batman return of the joker nes cover

This game. I’ve been waiting a llllloooonnng time to get my hands on this game.

I remember seeing ads with screenshots in them for this game in issues of Electronic Gaming Monthly around the time it was coming out. I desperately wanted to play it and checked my local video store and gas stations to see if they ever got a copy in, but alas they didn’t. My long drought of not playing this game finally came to an over two decade end this week when it arrived in the mail. The question was asked while I was sitting down playing it by my friend and site designer: Was your white whale worth it?

My answer: Hell yes it was! To put it short, this game is amazing.

Batman: Return of the Joker on the NES is a pseudo-sequel to Batman: The Video Game, also from Sunsoft. Whereas Batman: The Video Game was positioned as a tie-in to the Tim Burton film, this game is of the few that takes inspiration from the pages of the Batman comics as the Batman Returns games were being worked on by Sega and Konami. Between levels however, images of the Batmobile and Batwing do come up (though you’ll never pilot them) and they do resemble the designs from Batman ’89. Similar to Sunsoft’s first Batman outing, this game very much feels like a game that just happens to have Batman in it (you can tell by the Japanese title DYNAMITE BATMAN,) as they didn’t even try to add any other characters from the property other than Batman and the Joker. The bosses this time around are robots and contraptions you’d think Doctor Wily invented, even the Joker shows up in a giant robot in the end.

batman return of the joker nes final fight

This game as mentioned above is a sequel, hence the “Return of the Joker” title, but it couldn’t be anymore different from its predecessor gameplay wise. Batman trades in his Castlevania/Ninja Gaiden fisticuffs and wall jumps for Contra style shooting only with a life bar. Starting off you have a basic arm mounted cannon but you can pick up various upgrades (marked with a “C” and “S” among others, also like Contra.) The power ups can be charged as well as shot and change-up the game quite a bit. The “C” weapon for example fires a missile that explodes upwards and downwards, one of most useful as well as valuable weapons in the game, while others fire a spread shot and can be charged to create a shield around Batman.

One of the other power-ups that caused me to giddily smile is when you collect enough spare items to fill up a meter below your life bar. You transform into what I can best describe as “Golden Armor Batman” where you are both invulnerable to damage and shoot out a constant stream of projectiles for a temporary amount of time. To break up the run and gun action, there’s also a few levels that transform the game into a horizontal shooter with Batman donning a jet pack, and yes, that is as awesome as it sounds.

jetpack batman

The sprite of Batman is much bigger this time around but not so much that it negatively affects gameplay. The features on the character have much more detail, including the additional color in the chest emblem, and the transition from the cowl to the armor is easier to distinguish. The cape, something I loved in Batman: The Video Game, continues to be great looking. The Joker spends most of his time in a Bowser like flying copter and a giant mech, so his details suffer a little compared to the protagonist.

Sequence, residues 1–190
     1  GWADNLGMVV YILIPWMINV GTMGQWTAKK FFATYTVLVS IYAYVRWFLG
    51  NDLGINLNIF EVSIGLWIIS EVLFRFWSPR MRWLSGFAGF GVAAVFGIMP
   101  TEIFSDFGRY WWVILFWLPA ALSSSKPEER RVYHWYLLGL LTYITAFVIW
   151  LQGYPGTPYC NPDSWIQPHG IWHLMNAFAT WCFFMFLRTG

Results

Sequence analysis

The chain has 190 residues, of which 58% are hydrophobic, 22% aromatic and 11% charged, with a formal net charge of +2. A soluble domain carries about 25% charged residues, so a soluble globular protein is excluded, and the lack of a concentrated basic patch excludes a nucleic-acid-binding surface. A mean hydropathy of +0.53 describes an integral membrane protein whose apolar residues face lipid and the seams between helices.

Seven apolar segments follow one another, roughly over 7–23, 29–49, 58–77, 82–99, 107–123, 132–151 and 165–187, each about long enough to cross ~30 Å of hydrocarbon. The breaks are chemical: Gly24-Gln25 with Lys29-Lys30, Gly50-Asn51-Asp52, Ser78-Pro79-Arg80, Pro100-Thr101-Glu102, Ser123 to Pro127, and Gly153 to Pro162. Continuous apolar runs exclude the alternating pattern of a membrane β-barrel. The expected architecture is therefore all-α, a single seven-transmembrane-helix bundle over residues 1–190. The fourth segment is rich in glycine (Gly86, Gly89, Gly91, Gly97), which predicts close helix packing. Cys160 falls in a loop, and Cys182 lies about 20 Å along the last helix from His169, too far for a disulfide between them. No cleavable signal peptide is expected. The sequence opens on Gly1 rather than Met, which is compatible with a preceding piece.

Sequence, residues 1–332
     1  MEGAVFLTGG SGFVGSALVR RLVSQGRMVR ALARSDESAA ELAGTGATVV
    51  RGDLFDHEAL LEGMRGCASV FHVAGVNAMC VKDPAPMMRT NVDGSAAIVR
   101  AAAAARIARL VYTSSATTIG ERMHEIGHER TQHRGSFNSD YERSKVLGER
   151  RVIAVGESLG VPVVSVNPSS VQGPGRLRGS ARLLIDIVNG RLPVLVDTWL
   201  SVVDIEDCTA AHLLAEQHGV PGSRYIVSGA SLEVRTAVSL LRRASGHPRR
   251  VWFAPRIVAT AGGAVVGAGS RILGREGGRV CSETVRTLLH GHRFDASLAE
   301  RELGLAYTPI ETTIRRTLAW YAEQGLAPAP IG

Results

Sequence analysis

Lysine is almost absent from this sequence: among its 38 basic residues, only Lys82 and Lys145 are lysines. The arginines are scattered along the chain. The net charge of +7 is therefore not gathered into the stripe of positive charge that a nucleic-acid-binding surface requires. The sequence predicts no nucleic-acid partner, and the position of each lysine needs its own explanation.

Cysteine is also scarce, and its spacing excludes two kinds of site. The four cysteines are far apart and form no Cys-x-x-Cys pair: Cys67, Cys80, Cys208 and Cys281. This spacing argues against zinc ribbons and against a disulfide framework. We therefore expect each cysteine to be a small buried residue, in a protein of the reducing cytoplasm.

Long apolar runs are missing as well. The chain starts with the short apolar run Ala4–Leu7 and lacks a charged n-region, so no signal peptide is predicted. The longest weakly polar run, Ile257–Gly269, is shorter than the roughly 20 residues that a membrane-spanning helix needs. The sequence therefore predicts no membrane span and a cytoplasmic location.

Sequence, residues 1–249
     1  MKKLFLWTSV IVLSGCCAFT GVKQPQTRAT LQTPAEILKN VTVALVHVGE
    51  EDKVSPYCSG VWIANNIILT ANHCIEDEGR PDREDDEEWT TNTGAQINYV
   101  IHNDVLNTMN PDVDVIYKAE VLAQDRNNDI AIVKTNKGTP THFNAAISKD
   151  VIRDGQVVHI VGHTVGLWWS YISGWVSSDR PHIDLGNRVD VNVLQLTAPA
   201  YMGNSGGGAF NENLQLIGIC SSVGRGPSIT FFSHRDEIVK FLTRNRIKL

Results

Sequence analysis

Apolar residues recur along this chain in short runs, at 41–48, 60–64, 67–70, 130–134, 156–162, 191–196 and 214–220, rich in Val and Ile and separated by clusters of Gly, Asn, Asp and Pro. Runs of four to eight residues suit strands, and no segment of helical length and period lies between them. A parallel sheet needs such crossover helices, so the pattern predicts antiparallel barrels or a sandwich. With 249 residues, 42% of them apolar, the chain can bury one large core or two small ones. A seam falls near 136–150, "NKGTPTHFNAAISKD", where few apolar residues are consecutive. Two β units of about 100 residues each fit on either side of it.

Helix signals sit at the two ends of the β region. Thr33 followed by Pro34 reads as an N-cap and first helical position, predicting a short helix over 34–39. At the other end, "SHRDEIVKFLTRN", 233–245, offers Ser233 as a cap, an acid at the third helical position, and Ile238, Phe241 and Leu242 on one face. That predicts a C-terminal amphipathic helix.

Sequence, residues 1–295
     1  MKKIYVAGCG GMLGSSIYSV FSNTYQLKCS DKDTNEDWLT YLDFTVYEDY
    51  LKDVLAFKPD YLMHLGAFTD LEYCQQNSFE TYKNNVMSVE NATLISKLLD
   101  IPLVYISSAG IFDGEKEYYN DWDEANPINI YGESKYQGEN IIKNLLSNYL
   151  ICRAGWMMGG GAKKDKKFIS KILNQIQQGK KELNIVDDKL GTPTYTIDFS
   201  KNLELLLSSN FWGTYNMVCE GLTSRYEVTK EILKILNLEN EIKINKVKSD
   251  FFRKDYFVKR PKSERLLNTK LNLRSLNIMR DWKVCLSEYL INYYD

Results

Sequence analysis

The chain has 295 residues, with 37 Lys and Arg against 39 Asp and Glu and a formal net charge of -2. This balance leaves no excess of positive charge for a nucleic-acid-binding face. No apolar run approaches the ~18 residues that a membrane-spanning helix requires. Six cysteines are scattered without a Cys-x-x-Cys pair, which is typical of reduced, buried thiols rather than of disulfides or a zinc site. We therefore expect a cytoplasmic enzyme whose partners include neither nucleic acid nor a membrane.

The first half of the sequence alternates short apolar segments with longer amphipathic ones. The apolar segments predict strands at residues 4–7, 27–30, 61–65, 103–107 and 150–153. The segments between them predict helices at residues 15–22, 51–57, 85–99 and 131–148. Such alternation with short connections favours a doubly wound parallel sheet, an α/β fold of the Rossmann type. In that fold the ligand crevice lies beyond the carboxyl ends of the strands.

The environments in Batman: The Video Game were keeping with the gothic industrial look of the Burton film, but they tended to look very similar to one another. Return of the Joker, while seemingly removing Batman out of home turf of Gotham City, take the Caped Crusader on a much more interesting tour of levels. You’ll visit interior stages like a castle and a warehouse, but also venture into a frozen tundra as well as a tropical island.

batman ice level

I do appreciate the change in venue, but the levels themselves are not as well constructed as in Batman: The Video Game. What made that game so special was how enemies were placed in such a way that was a challenge to your skill. Here things just randomly show up out of nowhere with no warning, starting at around level three, and it makes it more important to memorize when something is going to be as opposed to skillfully working around an obstacle. Thankfully the unlimited continues carry over from the first game, as well as a password system that is only four short characters. Boss design also feels a little uneven, and you’ll find that the encounters tend to crest up and down with difficulty instead of increasing in challenge over the game. The second to last fight with the Joker presents way more of a heart pounding experience than the fairly easy last boss.

An area that didn’t really need that much of an upgrade but received one anyway is the games outstanding soundtrack. It’s such a joy to the ears in the levels, and the additional boss theme helps alleviate some of the tension in the punishing but fair challenges. An area that did need an upgrade is the game’s length. It does feature seven levels contrasted to Batman: The Video Game’s five, but I managed to get through six of them, and then eventually the seventh after a short play break, in a matter of hours. In the end, I just simply wished this great game could go on even longer.

Like its predecessor on the NES, I have only great things to say about Batman: Return of the Joker. It doesn’t build upon the foundation of Batman: The Video Game, but makes its own identity with its different game structure to offer two unique Batman experiences on the NES. The soundtrack once again is stellar, but you’ll be wishing by the end there was more game to sink your teeth into. Do not let this game pass you by as long as it did me.



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